#Fees must fall - 2015


27 October 2015 Jonathan Faurie published on

History tells us that students in this country are not scared to voice their concerns about issues that bother them. It happened in the 1970s and it happened now, students from various universities recently embarked on a series of protests against high fees and the outsourcing of labour at the institutions.

While these protests were initially peaceful, they quickly took a violent turn as students got frustrated that their voices were not being heard. This is a liability nightmare as public violence can lead to some serious claims.

Knocking on Sasria’s door

We spoke to Thokozile Ntshiqa, Executive Manager: Stakeholder Management at Sasria, about the recent riots.

Sasria is a state owned entity that provides insurance for all the people and businesses with assets in South Africa, as well as government entities, against special risks that may lead to the loss of or damage to their assets caused by events related to specific events which all have the potential to lead to possible catastrophic financial losses.

“To date we have not received any damage claims caused by the university protests as it is still early days. We are however monitoring the situation very closely and are ready to handle any claims,” says Ntshiqa.

She added that the full impact of the student riots will only be known in the next few months when claims are submitted. “Sasria is offering support in the form of cover we provide arising from damages to property or vehicles caused during strikes and protests.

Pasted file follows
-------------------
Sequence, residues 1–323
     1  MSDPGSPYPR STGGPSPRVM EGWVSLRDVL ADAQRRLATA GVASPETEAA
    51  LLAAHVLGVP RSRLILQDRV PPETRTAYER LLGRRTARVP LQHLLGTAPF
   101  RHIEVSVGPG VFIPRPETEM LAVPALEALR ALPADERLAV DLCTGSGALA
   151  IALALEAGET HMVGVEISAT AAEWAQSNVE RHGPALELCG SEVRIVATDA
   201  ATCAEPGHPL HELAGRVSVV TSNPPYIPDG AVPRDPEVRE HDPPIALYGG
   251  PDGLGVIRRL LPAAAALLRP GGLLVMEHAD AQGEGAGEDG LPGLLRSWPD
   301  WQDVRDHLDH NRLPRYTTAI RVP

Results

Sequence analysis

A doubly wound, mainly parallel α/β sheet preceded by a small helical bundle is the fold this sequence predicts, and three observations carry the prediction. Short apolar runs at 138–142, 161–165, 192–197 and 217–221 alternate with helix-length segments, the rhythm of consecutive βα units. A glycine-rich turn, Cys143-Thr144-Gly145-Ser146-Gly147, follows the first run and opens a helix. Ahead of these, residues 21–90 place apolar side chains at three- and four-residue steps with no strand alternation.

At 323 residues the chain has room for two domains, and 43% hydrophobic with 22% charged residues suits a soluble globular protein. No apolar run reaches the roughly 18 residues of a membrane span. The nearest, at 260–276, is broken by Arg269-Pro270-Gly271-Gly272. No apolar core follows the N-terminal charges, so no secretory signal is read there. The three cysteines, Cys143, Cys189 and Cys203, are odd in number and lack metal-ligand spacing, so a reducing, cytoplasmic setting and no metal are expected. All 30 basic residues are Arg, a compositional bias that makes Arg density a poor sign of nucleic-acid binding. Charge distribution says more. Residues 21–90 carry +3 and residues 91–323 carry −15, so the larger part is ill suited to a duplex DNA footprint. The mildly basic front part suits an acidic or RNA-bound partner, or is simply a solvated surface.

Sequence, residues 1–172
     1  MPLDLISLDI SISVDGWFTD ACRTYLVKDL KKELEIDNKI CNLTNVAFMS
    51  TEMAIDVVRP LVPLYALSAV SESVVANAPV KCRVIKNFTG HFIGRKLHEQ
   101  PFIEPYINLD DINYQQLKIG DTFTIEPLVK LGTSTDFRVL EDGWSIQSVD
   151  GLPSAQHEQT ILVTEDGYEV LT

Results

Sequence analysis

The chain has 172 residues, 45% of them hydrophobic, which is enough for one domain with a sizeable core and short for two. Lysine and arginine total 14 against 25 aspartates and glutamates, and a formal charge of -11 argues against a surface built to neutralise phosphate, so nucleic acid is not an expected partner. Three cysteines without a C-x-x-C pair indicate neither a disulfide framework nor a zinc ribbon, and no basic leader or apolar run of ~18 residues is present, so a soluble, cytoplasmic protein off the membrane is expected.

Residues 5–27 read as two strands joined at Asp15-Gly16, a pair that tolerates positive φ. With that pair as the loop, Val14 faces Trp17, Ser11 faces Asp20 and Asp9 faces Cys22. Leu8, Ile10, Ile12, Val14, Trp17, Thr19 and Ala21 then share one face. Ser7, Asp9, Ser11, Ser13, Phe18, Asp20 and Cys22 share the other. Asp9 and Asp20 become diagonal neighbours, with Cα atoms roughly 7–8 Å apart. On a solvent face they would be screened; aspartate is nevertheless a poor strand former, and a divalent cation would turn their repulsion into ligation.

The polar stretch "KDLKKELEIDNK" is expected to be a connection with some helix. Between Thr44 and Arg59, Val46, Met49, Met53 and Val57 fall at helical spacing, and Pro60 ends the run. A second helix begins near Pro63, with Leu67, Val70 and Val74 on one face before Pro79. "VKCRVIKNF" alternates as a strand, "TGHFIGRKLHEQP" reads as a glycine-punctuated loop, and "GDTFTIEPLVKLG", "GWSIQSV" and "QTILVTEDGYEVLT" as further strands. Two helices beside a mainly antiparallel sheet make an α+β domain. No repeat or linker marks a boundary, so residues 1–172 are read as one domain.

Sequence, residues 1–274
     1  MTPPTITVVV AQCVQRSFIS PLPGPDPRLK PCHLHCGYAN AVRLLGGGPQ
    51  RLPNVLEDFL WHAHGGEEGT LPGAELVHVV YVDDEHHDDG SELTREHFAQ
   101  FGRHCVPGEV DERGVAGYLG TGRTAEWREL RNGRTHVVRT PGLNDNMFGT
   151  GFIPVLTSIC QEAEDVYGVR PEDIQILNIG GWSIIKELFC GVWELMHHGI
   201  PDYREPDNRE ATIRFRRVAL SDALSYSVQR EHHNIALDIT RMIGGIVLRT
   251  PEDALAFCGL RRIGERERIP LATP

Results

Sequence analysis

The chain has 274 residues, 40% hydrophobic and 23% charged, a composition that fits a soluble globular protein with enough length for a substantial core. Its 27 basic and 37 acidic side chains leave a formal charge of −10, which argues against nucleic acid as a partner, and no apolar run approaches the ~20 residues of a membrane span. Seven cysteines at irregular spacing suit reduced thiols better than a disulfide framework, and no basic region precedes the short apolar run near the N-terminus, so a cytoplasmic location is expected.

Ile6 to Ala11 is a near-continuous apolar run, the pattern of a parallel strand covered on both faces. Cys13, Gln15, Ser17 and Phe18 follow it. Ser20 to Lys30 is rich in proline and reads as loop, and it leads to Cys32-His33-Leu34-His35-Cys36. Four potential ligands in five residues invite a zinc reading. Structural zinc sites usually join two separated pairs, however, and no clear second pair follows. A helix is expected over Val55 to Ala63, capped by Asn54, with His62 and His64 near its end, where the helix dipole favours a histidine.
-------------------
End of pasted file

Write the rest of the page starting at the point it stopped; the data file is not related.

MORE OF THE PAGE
Loose agreements

Students were so determined to have their voice heard that they marched onto parliament in Cape Town to try and disrupt Finance Minister Nhlanhla Nene's Medium Term Budget Policy Statement speech to government. When this didn’t achieve the desired results, other students marched to the Union Buildings in Pretoria where President Jacob Zuma promised a 0% fee increase for 2016.

But what happens in 2017? Universities have to charge fees in order to retain staff and maintain facilities. And if there is inflation, there needs to be fee increases. It is however not as simple as this and students realised this.

Ntshiqa is confident that damages are not big as many of the protests were fairly peaceful. “Universities that have extended Sasria cover will however be compensated in an event that their property or material is damaged because of the protests. She adds that  it has been reported that Government will set up a task team to look further into the matter of dealing with the situation in 2017, and will report back in six months on solutions and the way forward. Sasria will continue to monitor the situation closely for possible protests. 

Editor’s Thoughts:
Violence is never the answer when having your voice heard by government. However, it has been known to happen. Basic Sasria cover is offered to all as part of their insurance premiums, but extended cover is an option that needs to be considered in high risk areas. Please comment below, interact with us on Twitter at @fanews_online or email me your thoughts

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